Do Ask, Do Tell, Let’s Talk: How and Why Christians Should Have Gay Friends would be an excellent follow up to Messy Grace by Caleb Kaltenbach* for a small group wanting to learn more about bridging the divide between those who experience same-sex attraction and the church at large.
*See the Resources tab for more information.
When people ask me, “What is the cause of homosexuality,” I’ll tell them that the “causes” are as numerous as the stars in the sky. Every person is different, and sexual orientation is a complex thing. There is no one “gay gene,” and the jury is still out on early hormonal influences. No one has been able to eliminate the variety of life experiences that can also contribute to the mix.
So it’s good to learn about the backgrounds of others who have gotten involved in homosexuality, at the least to remind us that people are not easily stuffed into little boxes. Thankfully God isn’t either – and He knows each one of us as well as He does each star in the sky. There are a variety of ways into same-sex attractions and actions, and the Lord has made a way out for each person.
No temptation has overtaken you except what is common to mankind. And God is faithful; He will not let you be tempted beyond what you can bear. But when you are tempted, He will also provide a way out so that you can endure it. 1 Corinthians 10:13
Here is one more story of a woman who found her way out through Christ, Jackie Hill-Perry. It is great to see how the Lord led her out of fear and into trust:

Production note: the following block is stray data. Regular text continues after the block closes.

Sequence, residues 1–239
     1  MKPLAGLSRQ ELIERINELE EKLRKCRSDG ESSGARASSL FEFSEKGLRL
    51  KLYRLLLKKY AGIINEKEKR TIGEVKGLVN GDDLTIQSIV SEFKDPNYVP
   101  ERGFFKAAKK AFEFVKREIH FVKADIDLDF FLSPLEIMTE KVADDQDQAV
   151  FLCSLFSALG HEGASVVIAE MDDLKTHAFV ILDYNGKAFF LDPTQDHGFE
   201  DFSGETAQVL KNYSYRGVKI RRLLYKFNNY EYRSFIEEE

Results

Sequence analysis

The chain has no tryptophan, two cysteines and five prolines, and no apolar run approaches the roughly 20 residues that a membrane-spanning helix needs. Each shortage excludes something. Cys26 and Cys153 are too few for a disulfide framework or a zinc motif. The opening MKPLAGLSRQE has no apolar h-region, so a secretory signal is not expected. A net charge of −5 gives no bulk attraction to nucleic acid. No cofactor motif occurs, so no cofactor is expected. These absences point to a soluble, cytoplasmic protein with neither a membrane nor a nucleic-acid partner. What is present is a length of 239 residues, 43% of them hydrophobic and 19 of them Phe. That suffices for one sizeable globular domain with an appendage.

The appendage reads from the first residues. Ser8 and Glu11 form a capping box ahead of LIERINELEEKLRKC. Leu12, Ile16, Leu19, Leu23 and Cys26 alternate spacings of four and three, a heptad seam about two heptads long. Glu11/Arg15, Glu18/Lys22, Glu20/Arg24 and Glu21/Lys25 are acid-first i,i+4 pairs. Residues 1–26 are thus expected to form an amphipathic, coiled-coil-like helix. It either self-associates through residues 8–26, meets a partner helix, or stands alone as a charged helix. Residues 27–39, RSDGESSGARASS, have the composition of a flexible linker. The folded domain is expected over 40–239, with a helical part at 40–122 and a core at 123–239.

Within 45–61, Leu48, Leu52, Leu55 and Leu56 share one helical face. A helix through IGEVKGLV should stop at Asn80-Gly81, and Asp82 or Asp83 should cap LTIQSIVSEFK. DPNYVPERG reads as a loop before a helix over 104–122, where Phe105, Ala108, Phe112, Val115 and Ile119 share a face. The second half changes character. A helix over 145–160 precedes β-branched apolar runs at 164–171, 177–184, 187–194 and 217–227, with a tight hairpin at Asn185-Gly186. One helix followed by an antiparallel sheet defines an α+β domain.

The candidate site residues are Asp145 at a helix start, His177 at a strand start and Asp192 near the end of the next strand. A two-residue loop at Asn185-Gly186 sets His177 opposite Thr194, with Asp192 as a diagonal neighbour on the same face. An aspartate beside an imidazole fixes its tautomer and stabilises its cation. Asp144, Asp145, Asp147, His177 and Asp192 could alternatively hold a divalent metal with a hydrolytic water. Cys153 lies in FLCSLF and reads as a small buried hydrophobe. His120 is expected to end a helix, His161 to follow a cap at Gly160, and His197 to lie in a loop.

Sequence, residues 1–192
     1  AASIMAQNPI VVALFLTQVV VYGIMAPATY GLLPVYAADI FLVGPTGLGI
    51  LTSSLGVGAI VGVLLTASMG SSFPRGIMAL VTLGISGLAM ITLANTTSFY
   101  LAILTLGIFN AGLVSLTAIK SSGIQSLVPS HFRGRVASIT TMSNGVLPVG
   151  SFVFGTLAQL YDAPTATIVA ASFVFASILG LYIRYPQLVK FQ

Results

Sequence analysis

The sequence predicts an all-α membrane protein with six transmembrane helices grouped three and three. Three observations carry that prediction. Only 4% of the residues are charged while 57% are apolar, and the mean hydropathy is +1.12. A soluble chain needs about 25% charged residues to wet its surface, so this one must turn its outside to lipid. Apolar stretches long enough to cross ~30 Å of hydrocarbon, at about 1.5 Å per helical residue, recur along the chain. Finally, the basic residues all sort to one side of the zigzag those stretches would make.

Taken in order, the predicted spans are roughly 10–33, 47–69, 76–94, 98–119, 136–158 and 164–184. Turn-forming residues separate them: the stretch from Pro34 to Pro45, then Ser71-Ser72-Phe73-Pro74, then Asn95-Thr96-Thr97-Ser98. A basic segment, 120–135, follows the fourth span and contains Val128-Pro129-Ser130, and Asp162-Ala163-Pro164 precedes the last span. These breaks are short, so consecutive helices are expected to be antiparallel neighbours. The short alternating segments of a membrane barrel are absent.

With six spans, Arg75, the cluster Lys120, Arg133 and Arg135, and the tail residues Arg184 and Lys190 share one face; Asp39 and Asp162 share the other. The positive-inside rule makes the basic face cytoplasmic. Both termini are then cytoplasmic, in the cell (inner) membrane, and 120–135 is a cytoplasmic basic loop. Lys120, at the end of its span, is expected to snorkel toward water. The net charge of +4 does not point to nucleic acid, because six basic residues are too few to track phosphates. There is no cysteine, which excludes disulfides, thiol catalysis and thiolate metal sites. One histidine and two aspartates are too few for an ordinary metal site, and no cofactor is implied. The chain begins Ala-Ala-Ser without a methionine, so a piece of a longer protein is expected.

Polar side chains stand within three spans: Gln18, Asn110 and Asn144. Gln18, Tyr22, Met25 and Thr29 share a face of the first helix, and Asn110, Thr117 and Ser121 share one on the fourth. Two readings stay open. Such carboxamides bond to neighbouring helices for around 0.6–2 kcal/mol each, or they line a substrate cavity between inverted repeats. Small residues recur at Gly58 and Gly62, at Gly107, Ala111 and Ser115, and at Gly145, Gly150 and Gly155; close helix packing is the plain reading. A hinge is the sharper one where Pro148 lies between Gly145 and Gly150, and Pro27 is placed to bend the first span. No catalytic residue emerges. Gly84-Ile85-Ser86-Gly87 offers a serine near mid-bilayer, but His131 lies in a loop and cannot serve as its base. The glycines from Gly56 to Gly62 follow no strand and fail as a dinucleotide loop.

A friend sent me this link to a talk given by Rosaria Butterfield. If you’ve heard her speak before, several things she says here may seem familiar, but there are always new aspects and insights she shares that I find profound. Enjoy!
Joe Dallas in a radio series on Homosexuality and the Bible – great teaching from a man who became a Christian during the Jesus movement, then left to embrace homosexuality and teach in a pro-gay church, and returned again to repentance and a new life in Christ.
In the past year I’ve noticed more and more individuals sharing their stories of stepping away from same-sex attraction. Some of them have gone on into heterosexual relationships, others into living chastely. One film that gives a portrait of three individuals has come back to mind over and again. The stories they share are honest and riveting. The film is called, “Desire of the Everlasting Hills.”
It’s 60 min. long, and all three people share a Catholic perspective. Although I was raised in NJ, where there was a heavy Catholic influence, I don’t know all that much about the Catholic side of Christianity. The stories of these individuals gave me a better understanding of what their branch of our faith is like on a deep level, and I appreciated aspects in a way that I’d never done before. (Particularly their practice of going to confession.)
Here is a review of the film by Thomas McDonald, published in the National Catholic Register, July 23rd, 2014: http://www.ncregister.com/daily-news/review-desire-of-the-everlasting-hills/
I’d like to hear your thoughts on the film if you do watch it. What resonates with you?